For these reasons, it is critical to raise awareness about the impact of epilepsy and to support advanced medical research and programs to develop new and better treatment options.

This is where the purple pumpkins come in…

The Purple Pumpkin Project is an annual, awareness-raising campaign of the national Epilepsy Foundation.

The Epilepsy Foundation Purple Pumpkin Project

The Purple Pumpkin Project was founded in 2012 by Ron Lamontagne, the father of a child with epilepsy, as a way to spark conversation with others about the impact of epilepsy for his son and their family. Ron created a Facebook page about his idea, which quickly expanded, reaching all 50 states within just two days. Today, these purple pumpkins provide an opportunity to engage others in conversation whenever they ask: Why is your pumpkin purple?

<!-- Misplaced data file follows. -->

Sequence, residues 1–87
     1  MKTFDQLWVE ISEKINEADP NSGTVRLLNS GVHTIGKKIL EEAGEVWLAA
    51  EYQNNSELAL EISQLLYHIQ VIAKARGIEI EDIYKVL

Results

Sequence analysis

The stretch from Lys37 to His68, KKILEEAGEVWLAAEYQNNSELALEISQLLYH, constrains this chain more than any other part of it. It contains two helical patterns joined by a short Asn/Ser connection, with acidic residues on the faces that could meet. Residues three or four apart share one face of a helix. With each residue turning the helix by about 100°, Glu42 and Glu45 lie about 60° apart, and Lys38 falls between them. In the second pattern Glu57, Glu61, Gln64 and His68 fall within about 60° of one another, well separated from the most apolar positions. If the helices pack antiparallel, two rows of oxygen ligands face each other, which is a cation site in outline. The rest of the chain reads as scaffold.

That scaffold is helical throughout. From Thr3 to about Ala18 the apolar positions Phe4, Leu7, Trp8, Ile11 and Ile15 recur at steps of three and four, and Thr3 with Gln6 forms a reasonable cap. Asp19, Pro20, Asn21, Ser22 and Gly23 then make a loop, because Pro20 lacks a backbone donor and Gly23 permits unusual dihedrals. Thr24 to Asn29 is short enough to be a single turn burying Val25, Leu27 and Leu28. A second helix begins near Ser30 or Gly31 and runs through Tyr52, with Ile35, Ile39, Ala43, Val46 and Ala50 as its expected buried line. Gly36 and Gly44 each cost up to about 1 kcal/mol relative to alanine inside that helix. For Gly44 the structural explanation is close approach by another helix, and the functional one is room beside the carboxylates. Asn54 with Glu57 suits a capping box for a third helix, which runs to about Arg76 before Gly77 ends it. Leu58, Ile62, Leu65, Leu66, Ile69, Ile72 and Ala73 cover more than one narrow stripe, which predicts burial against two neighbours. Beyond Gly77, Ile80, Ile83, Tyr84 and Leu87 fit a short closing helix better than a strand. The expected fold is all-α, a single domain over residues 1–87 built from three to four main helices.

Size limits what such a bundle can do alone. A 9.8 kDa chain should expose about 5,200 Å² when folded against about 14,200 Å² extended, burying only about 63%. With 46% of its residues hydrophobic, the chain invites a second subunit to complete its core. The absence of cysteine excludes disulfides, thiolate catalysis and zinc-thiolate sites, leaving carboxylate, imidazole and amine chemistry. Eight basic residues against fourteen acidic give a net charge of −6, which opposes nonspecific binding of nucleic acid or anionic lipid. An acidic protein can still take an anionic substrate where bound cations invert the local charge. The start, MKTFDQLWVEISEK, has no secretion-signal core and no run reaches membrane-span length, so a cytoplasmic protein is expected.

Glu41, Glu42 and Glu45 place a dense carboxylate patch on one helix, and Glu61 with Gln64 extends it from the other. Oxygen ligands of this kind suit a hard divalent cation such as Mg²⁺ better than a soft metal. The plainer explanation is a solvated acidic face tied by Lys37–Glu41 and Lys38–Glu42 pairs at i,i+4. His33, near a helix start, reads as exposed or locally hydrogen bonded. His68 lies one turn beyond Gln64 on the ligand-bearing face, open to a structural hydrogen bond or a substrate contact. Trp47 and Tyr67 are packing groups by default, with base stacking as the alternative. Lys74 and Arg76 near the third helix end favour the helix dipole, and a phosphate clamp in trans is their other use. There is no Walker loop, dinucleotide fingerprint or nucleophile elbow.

Malachi Purple Pumpkin Project 2020To participate in the Purple Pumpkin Project, families simply paint a pumpkin PURPLE. Any shade of purple will do! Then, they can use their pumpkin to raise awareness or engage in fundraising efforts to support the Epilepsy Foundation. Some groups hold purple pumpkin decorating parties; others host unique, pumpkin themed events. The Epilepsy Foundation offers people a platform to create a personal fundraising page, where they can post photos of their purple pumpkins and share their stories. The ultimate goal: To END EPILEPSY.

For my family, ending epilepsy is a dream. We hope that, one day soon, epilepsy related seizures will be entirely preventable. We hold hope for new treatment options and continued advancement in our understanding and knowledge of this condition. We hope for these things for Malachi, and for everyone out there touched by epilepsy.

Until that day arrives, every year in October, we will continue to paint our pumpkins various shades of PURPLE.


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Whitney Stohr — Parent to Parent Coordinator / Sibshop Coordinator